Geoffrey Ashe is among our most eminent Arthurian scholars. That status has been recognized in many ways and places. Most notable were his inclusion in the Queen’s New Year’s list of Honours and his recent investiture at Buckingham Palace. The honour was an MBE, Member [of the Most Excellent Order] of the British Empire. The MBE states ‘Historian: For Services to Heritage.’
Many Arthurian scholars and students first became acquainted with Geoffrey through his King Arthur’s Avalon and The Quest for Arthur’s Britain, the latter of which, in 1968, offered to many of us our first real information, apart from journalistic reports, on the Cadbury/Camelot project. Further, some of us who are no longer young had the privilege of hearing and meeting him at the Cardiff Arthurian Congress (1969), when he offered a masterly presentation of the Cadbury excavations and a lucid and balanced assessment of the likely implications of that project. Since that time his contributions to Arthurian history, archaeology, and literature have continued unabated. What most Arthurians may not know is that he wrote widely on subjects other than Arthur: he published books on Gandhi, the voyage of St. Brendan, Israel, labyrinths and mazes, and others, including a novel titled The Finger and the Moon.
In 1984 Gary Kuris, Vice-President of Garland Publishing, invited me to edit an Arthurian encyclopedia; I replied that I could do so only with several associate editors. Fortunately, the four whom I invited all accepted the challenge, and Geoffrey Ashe took on history, archaeology, and some chronicles. The material he delivered was punctual, thorough and knowledgeable in content, and clear and polished in style.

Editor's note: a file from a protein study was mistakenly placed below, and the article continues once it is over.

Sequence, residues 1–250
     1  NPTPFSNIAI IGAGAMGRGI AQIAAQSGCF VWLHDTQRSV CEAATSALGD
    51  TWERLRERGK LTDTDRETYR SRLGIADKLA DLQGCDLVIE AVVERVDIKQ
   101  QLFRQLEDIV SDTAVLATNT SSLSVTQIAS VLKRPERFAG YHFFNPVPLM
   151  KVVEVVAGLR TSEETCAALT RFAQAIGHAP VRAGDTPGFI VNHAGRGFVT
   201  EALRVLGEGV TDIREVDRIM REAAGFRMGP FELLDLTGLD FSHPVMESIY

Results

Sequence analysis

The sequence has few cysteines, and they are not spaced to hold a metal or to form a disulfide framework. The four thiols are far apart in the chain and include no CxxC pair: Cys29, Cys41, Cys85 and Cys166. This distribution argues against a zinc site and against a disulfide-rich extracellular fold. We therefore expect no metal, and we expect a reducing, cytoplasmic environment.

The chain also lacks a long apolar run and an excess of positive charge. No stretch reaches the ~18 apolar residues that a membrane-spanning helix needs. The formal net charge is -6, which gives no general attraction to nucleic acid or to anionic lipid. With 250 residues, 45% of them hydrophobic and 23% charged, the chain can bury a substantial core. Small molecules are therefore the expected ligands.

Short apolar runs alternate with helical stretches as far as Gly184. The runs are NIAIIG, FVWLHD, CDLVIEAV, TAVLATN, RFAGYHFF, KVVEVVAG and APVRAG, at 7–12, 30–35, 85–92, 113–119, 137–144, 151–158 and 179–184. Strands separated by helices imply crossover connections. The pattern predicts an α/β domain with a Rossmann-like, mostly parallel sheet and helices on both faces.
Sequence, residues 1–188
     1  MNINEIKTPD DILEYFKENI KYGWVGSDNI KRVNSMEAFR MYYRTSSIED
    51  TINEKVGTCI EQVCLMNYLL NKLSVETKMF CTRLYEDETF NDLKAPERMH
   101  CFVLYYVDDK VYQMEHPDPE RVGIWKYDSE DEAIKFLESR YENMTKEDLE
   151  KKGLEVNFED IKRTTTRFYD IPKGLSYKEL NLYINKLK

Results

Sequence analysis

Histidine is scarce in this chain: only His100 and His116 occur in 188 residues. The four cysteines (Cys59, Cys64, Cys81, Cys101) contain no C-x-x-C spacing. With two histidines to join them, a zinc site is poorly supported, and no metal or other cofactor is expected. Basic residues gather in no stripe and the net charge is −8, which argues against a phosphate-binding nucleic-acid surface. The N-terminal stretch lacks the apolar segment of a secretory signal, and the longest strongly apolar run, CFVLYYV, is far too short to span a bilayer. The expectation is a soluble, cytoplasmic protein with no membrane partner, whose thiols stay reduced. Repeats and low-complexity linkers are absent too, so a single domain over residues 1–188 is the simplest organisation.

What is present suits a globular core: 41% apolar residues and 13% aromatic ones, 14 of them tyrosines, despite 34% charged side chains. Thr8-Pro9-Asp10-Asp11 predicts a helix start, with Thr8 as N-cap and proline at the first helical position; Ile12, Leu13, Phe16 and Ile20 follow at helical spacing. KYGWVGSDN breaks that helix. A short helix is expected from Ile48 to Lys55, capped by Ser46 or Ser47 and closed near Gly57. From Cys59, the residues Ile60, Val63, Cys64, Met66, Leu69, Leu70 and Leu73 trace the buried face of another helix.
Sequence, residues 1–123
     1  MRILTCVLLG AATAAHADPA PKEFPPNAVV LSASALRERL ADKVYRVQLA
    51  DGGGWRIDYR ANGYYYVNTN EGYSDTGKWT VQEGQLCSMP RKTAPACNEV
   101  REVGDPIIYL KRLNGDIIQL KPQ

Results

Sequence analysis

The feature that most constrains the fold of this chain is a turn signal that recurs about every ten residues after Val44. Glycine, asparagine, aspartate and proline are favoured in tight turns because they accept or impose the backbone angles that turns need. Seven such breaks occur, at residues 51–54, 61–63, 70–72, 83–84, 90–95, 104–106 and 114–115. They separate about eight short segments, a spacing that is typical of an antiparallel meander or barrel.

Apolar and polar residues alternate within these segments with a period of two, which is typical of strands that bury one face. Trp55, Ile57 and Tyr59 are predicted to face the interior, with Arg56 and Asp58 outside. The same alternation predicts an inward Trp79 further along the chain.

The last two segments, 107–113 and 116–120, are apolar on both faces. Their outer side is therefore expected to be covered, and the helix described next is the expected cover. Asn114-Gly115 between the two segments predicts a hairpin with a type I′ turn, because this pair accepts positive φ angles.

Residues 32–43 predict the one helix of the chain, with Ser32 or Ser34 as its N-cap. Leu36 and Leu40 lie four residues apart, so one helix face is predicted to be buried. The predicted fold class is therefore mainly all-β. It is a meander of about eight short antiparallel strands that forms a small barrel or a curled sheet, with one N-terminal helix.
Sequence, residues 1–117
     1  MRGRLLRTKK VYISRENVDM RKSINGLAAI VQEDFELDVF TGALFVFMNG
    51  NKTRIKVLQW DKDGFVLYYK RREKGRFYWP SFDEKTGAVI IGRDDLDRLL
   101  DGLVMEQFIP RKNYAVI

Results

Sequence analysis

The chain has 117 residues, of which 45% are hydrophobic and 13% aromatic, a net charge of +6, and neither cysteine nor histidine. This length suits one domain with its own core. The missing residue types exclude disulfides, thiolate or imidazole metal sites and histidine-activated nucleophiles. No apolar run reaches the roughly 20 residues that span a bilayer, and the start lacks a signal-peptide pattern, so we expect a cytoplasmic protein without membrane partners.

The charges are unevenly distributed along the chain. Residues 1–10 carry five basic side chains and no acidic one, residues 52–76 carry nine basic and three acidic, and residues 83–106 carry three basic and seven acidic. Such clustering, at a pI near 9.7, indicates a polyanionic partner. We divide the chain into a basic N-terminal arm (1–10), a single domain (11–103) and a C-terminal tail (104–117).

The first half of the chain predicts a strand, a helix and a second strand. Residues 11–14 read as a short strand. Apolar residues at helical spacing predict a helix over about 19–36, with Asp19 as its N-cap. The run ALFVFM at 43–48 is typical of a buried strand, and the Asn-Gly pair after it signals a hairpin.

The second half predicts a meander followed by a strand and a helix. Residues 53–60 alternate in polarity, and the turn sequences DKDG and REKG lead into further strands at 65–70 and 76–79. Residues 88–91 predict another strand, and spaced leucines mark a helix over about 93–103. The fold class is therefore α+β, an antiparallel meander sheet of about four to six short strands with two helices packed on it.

Once The Arthurian Encyclopedia was published, Gary Kuris invited me to undertake a volume that would become The Arthurian Handbook. For this volume, Garland preferred that I work alone or with a single co-author rather than the larger number needed for the earlier volume. I agreed conditionally, the condition being that Geoffrey would join me as co-author. I was again fortunate that he accepted and that, as before, he provided impeccable material that required little or no editing. [End Page 4]
Geoffrey has been an ideal collaborator, with an impressive command of his subjects—and of a good part of my own as well, for he saved me from a number of errors and infelicities.
In the interest of full disclosure, it must be said that he has had detractors. Generally, they are scholars who have reservations concerning his identification of the ‘Arthur figure’ with Riothamus. In addition, there are a few, unfortunately, who question the scholarly credentials of anyone who does not hold a permanent academic position. Still others doubtless criticize Ashe as a popularizer, to which I would offer two responses. First, his publication of a major scholarly article in Speculum, followed by his book The Discovery of King Arthur, answers some such reservations. Second, I concur that he has often been a popularizer, but in the best sense of the word. Given the breadth of interest in the Arthurian legend, there is good reason to write books that, while useful to scholars, also provide the general reading public with information that is knowledgeable and reliable, thus constituting a corrective to some of the very odd theories that regularly circulate about Arthur.
Geoffrey is now 90 years old and can look back to decades of distinguished writing and speaking, and no less to his personal friendships with many who will be reading these words. Personally, I am grateful to him for his books and his collaborations with me, and I am honored to count myself among his friends.
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